Another issue which is likely to trouble the industry, and dealers in particular, is that GST will be required to be paid against advances received against sale/supply of goods. Under the current indirect tax regime, advances received against sale of goods are not subject to VAT. However, if GST will be imposed on such transactions, it will lead to the advance amounts going up potentially by 20-40%. A related issue is that there is no clarity under the model GST law on what will happen upon cancellation of advances. Whether a suo moto credit will be given or the tax payer needs to claim refund?
An interesting aspect about GST compliances would be that for the first time, all business transactions will be mapped online. For this purpose, transaction level-wise details will need to be uploaded on the GST Network while filing of monthly returns. One critical part of this entire process is that input tax credit will not be allowed to a taxpayer unless his suppliers of goods and services have deposited the tax with the government. Thus, if any supplier has not deposited the GST, it would mean that purchasing dealer will need to reverse such credit along with interest. To keep a track of each and every supplier and ensure that the supplier is depositing the GST in a timely manner may prove to be a herculean task, especially for OEMs dealing with a large number of vendors and thus, it is possible that some level of vendor consolidation may happen in the industry during the transition phase.
Another area of concern would be the treatment of second hand vehicles. Many dealers provide lucrative schemes involving exchange of old vehicles against new purchases. Further, many industry players have set-up full-fledged showrooms only for dealing in second hand vehicles. Unless clear provisions are framed under GST for taxing only the value addition on sale of second hand vehicles, the organised second-hand car industry could be at a disadvantage compared to the unorganised sector.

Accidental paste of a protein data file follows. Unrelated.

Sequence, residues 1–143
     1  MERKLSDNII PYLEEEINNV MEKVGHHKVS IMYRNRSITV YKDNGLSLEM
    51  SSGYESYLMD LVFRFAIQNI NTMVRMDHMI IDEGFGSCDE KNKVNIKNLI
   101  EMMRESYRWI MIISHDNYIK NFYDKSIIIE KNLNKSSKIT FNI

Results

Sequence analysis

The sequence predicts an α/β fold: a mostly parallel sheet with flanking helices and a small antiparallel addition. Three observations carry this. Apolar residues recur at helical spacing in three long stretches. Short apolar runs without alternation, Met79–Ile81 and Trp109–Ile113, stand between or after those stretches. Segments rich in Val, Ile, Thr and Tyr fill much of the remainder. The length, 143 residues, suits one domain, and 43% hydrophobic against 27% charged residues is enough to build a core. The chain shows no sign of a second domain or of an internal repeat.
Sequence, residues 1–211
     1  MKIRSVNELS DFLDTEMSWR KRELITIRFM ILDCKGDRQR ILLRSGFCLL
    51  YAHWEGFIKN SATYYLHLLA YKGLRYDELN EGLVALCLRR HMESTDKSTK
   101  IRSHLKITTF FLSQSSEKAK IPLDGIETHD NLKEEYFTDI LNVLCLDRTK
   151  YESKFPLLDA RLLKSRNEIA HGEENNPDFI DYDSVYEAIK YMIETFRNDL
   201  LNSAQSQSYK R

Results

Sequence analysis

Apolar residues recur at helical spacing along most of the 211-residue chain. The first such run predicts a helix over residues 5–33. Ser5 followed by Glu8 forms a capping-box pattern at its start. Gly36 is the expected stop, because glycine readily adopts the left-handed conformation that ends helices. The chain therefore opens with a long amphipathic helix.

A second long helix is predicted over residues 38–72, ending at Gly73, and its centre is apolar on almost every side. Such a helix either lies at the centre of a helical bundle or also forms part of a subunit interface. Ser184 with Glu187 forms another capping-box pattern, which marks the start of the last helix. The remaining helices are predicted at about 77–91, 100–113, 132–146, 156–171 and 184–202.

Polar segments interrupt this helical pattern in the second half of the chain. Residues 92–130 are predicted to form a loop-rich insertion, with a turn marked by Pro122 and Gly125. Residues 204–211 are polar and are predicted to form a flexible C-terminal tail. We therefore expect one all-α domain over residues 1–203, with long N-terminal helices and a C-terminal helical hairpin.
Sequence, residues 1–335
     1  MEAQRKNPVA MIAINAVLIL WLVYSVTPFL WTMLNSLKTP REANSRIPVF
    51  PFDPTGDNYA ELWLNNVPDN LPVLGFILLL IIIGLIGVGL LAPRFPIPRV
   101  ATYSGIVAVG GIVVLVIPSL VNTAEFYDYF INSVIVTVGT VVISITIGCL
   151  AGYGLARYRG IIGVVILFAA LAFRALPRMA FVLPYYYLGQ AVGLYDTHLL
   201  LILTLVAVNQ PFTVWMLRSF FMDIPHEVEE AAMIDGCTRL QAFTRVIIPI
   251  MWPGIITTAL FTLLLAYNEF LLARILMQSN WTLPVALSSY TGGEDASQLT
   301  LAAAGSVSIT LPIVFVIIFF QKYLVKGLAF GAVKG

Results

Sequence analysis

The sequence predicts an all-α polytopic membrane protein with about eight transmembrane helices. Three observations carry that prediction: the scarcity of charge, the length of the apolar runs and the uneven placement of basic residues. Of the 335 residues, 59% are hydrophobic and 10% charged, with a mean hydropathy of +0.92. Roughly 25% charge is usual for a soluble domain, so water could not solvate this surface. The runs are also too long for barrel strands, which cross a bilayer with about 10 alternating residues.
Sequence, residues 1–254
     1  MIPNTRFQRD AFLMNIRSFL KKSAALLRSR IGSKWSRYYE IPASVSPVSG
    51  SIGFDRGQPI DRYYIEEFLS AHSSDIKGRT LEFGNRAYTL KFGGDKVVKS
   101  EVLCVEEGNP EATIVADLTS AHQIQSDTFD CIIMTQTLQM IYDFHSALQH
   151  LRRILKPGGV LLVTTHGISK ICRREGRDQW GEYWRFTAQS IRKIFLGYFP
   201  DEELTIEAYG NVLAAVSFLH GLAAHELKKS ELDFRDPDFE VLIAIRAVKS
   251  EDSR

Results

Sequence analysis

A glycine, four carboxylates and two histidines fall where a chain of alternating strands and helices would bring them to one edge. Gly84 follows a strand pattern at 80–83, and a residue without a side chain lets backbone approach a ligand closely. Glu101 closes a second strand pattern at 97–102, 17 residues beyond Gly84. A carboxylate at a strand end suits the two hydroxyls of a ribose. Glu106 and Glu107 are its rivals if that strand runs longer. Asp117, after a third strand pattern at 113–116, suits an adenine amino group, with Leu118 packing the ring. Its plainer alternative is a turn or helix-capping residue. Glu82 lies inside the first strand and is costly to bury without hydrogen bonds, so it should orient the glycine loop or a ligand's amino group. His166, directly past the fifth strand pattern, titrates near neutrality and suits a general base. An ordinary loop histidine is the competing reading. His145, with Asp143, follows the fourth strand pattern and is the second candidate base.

The model GST law also provides that free of cost supplies by one taxable person to another taxable person will be subject to GST. This could lead to a double taxation of warranty supplies when supplied to an end consumer, unless an exception is carved out in the GST law. Similarly, supply of free accessories along with the vehicle could mean additional tax cost.
There is no doubt GST is likely to change the way industry conducts its business, and auto sector would be no different. Inter-state sourcing may increase with the removal of tax barriers in form of CST and entry taxes. GST would also end disputes with the taxman on the issue of stock transfers being treated as ‘pre-determined sales’.
GST will definitely open up avenues for the auto sector to look at their business models and supply chains more closely and explore options for optimisation of total delivered costs. From the government, the industry would be looking forward for ease in procedural compliances and upfront clarity on tax positions.
While that happens (hopefully), it is advisable for the industry to plan its transition to the GST regime in advance, so as to ensure a smooth transition with minimal business disruption on the cut over date as well as be fully compliant with statutory requirements under the GST law.
The author is tax partner (automotive practice), EY. Views are personal